In the lead up to Christmas 2014 we will publish a series of festive and inspirational posts written by the authors at The Madeleine Milburn Agency.
Author of the fantastic YA book, THE DARK INSIDE (Simon & Schuster, 2014) – Rupert Wallis read Theology at Cambridge University and holds an MFA in Screenwriting and Writing for Television.
His debut novel was published in January 2014 and has since received rave reviews and been nominated for numerous awards.
Rupert Wallis’s Inspirational Book Choice – Shel Silverstein’s ‘The Giving Tree’
Christmas is about giving and receiving so I thought it would be apt to highlight a book I have discovered late on but which still fascinates me – Shel Silverstein’s ‘The Giving Tree’ (1964).
It’s a simple story that has inspired a variety of interpretations and points of view, and it seems that people are either offended by the book or embrace it. Perhaps this has helped it strike a chord though with sales according to Wikipedia, by 2011, of 8.5 million.
Silverstein was a man of many talents, not only a children’s author but also a cartoonist, singer and songwriter (he wrote the Johnny Cash hit, ‘A Boy Named Sue’) and screenwriter.
Apparently, ‘The Giving Tree’ was not Silverstein’s favourite book but I imagine it’s been his most popular and it’s certainly been controversial. If you don’t know the story I won’t spoil the plot – you can watch an animated version of the book below with Silverstein narrating – but the essence of the book concerns the relationship between an apple tree and a boy. Through the story, the tree submits lovingly to every request the boy makes of her, even when he grows up into a man.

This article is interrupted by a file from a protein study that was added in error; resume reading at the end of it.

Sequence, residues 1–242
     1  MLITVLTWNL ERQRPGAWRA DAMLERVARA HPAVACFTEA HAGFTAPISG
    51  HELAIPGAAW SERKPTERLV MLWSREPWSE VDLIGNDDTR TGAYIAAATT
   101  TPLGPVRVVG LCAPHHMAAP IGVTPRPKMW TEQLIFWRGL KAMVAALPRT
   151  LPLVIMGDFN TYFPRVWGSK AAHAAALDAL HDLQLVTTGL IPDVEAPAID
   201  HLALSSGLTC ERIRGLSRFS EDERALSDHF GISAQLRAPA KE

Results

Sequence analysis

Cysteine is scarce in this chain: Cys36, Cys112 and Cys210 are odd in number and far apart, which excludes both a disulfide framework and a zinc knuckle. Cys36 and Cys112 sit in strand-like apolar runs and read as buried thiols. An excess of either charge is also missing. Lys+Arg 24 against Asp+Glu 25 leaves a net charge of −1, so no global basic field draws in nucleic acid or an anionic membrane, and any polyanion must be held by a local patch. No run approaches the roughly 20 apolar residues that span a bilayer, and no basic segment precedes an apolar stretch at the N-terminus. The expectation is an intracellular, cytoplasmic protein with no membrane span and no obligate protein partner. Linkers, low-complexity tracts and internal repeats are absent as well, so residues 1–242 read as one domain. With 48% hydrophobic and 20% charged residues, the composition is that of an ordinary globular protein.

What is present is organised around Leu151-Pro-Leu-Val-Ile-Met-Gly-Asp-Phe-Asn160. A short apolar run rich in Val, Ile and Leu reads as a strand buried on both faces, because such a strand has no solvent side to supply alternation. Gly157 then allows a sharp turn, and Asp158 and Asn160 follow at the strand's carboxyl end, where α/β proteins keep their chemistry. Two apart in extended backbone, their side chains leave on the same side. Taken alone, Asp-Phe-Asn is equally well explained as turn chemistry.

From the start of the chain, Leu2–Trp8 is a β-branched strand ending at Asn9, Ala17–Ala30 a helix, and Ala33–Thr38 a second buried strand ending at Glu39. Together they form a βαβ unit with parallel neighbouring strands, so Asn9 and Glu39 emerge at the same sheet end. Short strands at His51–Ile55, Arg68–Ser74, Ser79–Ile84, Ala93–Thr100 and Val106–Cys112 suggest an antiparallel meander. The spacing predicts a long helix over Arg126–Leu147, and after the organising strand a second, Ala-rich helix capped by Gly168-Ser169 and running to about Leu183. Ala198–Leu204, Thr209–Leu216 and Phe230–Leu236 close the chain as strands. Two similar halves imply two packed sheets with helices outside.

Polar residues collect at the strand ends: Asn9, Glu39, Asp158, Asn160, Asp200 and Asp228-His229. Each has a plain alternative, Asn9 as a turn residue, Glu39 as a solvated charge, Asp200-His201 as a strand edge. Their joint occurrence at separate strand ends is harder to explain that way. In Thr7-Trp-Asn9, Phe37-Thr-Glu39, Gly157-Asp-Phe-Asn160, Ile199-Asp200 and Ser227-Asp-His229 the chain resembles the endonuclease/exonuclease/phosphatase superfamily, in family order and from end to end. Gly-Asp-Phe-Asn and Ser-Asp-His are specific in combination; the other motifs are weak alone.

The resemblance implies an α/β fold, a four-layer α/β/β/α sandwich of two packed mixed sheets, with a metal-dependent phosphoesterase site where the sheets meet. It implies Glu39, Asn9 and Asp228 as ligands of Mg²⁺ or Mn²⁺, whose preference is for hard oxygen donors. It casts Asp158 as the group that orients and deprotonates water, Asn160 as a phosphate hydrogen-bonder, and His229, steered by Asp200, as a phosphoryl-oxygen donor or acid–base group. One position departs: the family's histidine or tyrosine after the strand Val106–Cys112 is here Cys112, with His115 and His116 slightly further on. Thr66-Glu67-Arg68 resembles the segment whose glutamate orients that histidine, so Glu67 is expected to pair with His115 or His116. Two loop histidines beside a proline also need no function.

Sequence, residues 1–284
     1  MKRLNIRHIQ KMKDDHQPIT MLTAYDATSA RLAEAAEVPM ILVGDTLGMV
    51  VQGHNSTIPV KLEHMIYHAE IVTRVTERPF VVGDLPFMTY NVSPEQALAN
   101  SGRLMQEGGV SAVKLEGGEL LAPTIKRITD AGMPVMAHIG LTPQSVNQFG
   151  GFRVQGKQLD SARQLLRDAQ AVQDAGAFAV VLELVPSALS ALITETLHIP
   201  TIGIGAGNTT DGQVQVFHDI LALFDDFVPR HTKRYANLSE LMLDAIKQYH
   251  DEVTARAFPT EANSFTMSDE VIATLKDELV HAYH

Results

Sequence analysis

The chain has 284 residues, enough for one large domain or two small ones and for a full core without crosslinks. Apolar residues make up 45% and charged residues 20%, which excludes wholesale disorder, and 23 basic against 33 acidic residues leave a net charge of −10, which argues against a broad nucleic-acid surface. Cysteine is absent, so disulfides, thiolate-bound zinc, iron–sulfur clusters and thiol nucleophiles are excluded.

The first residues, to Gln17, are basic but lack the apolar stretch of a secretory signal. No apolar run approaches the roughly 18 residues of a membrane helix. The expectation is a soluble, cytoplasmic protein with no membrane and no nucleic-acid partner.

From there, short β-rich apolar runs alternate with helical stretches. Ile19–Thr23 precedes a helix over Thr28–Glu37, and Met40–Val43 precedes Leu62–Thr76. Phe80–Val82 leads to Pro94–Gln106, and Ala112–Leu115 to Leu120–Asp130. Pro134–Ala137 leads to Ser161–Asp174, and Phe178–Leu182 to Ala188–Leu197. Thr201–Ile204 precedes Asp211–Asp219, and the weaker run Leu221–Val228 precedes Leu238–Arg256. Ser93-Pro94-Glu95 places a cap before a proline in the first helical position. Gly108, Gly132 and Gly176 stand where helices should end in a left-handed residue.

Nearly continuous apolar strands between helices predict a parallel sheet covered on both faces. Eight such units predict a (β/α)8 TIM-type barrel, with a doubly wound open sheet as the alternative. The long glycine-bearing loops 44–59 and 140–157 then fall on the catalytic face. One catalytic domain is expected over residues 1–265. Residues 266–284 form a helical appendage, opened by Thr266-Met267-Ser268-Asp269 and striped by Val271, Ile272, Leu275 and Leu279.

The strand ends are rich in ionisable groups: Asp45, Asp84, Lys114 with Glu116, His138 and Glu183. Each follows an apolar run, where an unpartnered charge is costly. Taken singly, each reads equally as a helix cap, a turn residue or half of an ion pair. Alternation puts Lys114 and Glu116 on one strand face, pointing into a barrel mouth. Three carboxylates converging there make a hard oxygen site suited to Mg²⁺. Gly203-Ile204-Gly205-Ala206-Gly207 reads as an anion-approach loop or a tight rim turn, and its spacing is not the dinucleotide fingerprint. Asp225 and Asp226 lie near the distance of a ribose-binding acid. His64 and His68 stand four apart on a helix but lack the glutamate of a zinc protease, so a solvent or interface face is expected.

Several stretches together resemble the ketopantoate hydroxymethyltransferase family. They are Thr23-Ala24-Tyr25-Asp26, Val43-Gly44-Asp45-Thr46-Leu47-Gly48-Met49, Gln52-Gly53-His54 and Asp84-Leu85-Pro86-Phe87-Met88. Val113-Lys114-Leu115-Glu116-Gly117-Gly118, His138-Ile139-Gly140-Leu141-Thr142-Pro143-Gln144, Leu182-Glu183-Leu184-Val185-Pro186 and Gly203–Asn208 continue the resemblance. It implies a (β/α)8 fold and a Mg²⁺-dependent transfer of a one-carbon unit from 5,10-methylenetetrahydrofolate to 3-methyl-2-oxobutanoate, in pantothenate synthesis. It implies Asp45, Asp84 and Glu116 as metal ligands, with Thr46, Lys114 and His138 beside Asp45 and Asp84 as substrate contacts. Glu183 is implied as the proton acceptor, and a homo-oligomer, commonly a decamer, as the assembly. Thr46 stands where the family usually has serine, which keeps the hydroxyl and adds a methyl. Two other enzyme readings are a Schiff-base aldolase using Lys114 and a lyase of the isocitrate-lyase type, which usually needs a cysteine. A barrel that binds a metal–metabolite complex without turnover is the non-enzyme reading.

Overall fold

The nature of giving (loving?) so unconditionally is what has proved so divisive for readers. Is the story about the joys of giving to someone or is it about the self-destructive nature of giving too much? The fact that the tree is female points to other potential readings of the story, that of the parent-child relationship, or even that of Mother Nature and humankind. Maybe the message is an ecological one?
I’m still not entirely sure what to make of Silverstein’s book and this is what makes it endlessly fascinating to me.
Something I have thought about during the writing of my new book could perhaps relate to ‘The Giving Tree’, namely, that people always want to try to understand why bad things happen to them yet it’s never usually the case whenever good things do.
I hope you enjoy ‘The Giving Tree’ and that it has as much resonance for you as it has done for me. What is Silverstein saying? I still don’t know.